Low mortgage rates are disappearing fast

Do something before Christmas while there are still good deals.

As lenders plan to increase their interest rates, all the borrowers who want to catch a better deal have to hurry. Building societies and financing institutions are raising rates on the deals for 5, 7, and 10 years. Swap rates are increasing, and they impact the rates stated for the borrowers, as they are the main factor determining the lenders’ money borrowing cost.

According to a mortgage broker Andrew Montlake, of Coreco, we are heading out of the cheapest rates age as swap rates are being increased. There’s no guarantee that there will be such low rates during the next year as we still have now.

The rates rise creates bad news for those paying mortgages who are sure their payments are fixed for the following years. There are institutions that have already risen their rates: Barclays increased their 7 and 10-year fixes by 0.2 percentage points; Leeds Building Society increased their 10-year deals by 0.24 percentage points.

Accord, the lender for those going through a broker, has increased rates on five-year loans by as much as 0.5 percentage points, and Nationwide raised rates on ten-year loans by 0.3 percentage points. West Bromwich building society recently withdrew its best-buy ten-year fix.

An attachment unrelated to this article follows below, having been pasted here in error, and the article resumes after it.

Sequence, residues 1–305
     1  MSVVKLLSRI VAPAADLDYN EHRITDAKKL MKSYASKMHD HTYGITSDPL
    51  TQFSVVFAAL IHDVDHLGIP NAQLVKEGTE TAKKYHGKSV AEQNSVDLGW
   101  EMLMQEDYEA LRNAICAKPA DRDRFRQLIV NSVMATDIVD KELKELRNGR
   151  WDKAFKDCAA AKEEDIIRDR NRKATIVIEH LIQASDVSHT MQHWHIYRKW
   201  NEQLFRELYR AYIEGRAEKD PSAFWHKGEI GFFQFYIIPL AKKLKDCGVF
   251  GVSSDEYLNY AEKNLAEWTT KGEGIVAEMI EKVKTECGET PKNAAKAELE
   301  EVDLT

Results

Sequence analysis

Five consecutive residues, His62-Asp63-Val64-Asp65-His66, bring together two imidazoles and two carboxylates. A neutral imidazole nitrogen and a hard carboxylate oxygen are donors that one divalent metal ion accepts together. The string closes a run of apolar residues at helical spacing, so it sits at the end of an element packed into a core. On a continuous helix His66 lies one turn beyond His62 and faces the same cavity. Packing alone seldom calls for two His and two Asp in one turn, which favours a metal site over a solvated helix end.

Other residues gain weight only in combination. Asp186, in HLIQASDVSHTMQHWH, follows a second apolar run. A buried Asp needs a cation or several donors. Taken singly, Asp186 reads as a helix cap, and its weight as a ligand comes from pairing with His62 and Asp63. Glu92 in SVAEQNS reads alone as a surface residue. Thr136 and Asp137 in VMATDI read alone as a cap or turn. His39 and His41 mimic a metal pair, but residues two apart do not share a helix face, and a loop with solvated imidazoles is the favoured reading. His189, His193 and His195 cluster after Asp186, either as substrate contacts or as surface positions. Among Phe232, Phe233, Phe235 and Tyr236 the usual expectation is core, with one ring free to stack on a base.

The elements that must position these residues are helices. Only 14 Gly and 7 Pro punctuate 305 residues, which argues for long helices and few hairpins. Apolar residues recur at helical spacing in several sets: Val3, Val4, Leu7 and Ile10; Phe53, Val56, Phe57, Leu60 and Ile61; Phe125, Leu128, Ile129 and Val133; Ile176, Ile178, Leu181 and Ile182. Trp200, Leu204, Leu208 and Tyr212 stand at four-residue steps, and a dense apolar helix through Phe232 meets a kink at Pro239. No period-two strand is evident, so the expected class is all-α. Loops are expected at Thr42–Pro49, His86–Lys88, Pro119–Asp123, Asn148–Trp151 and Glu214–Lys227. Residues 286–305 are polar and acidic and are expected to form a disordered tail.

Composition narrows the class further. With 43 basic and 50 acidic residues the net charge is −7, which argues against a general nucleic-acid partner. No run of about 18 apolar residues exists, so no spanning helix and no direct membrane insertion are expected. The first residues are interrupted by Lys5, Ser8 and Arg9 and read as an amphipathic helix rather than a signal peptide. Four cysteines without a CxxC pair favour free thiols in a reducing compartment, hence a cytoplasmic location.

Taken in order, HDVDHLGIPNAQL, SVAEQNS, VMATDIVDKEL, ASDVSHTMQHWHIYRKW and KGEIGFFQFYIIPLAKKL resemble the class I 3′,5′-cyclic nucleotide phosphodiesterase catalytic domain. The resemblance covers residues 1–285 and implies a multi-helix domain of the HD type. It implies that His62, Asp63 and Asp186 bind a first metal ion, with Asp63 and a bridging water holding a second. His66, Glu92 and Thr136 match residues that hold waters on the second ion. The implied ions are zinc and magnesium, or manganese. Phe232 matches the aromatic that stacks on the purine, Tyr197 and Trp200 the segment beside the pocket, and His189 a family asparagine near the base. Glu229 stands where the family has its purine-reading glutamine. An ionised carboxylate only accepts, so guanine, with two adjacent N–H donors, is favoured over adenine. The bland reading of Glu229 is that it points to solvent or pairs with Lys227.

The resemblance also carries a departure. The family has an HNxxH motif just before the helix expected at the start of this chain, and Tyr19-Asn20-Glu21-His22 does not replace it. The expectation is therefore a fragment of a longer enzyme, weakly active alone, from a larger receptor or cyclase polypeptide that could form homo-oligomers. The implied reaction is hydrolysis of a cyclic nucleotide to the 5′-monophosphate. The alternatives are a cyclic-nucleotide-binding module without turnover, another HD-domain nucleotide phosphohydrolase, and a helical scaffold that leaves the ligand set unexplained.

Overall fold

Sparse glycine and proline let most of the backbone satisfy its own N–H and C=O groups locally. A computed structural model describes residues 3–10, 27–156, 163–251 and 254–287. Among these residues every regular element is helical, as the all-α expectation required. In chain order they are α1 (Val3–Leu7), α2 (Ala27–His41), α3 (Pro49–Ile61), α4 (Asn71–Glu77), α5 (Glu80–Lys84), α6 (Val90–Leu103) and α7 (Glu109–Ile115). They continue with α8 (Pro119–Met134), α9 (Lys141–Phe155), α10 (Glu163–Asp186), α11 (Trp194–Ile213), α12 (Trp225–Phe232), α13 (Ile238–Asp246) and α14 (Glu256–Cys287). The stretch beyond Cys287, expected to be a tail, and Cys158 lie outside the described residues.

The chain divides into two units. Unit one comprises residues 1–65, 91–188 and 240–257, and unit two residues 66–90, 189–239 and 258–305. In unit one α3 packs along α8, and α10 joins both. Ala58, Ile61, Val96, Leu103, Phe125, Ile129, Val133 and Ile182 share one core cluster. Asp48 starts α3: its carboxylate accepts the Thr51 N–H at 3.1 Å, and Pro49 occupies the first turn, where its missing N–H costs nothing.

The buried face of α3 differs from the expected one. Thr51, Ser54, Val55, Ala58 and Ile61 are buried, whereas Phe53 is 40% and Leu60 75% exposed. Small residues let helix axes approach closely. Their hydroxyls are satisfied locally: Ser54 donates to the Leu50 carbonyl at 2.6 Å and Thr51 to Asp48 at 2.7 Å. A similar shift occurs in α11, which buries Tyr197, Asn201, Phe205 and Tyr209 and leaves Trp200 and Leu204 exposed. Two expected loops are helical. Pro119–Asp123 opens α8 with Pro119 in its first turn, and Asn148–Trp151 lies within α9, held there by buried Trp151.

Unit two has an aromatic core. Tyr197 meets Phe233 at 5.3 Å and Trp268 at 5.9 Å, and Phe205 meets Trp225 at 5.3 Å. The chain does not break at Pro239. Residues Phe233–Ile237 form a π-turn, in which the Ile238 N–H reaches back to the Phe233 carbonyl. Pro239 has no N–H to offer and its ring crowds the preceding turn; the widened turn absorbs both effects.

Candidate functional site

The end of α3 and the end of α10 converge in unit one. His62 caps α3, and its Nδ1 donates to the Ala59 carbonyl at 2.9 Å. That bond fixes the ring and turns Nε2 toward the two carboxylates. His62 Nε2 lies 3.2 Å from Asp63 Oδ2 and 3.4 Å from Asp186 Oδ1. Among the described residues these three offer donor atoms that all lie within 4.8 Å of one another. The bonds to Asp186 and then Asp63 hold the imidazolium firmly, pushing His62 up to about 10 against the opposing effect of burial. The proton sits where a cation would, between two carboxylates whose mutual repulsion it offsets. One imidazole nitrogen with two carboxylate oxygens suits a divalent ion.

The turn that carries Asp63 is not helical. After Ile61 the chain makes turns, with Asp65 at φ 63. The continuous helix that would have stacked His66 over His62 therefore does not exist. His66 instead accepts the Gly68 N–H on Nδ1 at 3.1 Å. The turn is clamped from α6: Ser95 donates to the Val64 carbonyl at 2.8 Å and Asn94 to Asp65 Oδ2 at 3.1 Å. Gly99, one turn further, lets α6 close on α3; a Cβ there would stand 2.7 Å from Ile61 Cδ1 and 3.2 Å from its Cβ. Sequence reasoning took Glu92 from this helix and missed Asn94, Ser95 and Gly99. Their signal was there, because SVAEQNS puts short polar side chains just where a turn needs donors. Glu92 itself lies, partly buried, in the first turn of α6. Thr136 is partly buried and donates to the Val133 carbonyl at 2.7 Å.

David Hollingworth, of the mortgage broker London & Country, says: “There are so many people waiting for the mortgage market to hit the very bottom. It’s a tough one to call, but the question is, how much lower can rates really go?”

About three million homeowners are saddled with expensive deals. These borrowers are paying their lender’s standard variable rate (SVR) — the rate to which a mortgage reverts once a fixed-rate or tracker deal expires. Since the average SVR is 4.62 per cent, remortgaging would save these borrowers hundreds on their repayments. However, there’s a strong reluctance to remortgage. Research by YouGov and Trussle, the online mortgage broker, found that mortgage holders were more than twice as likely to have switched energy provider than their lender, despite the annual savings they could make.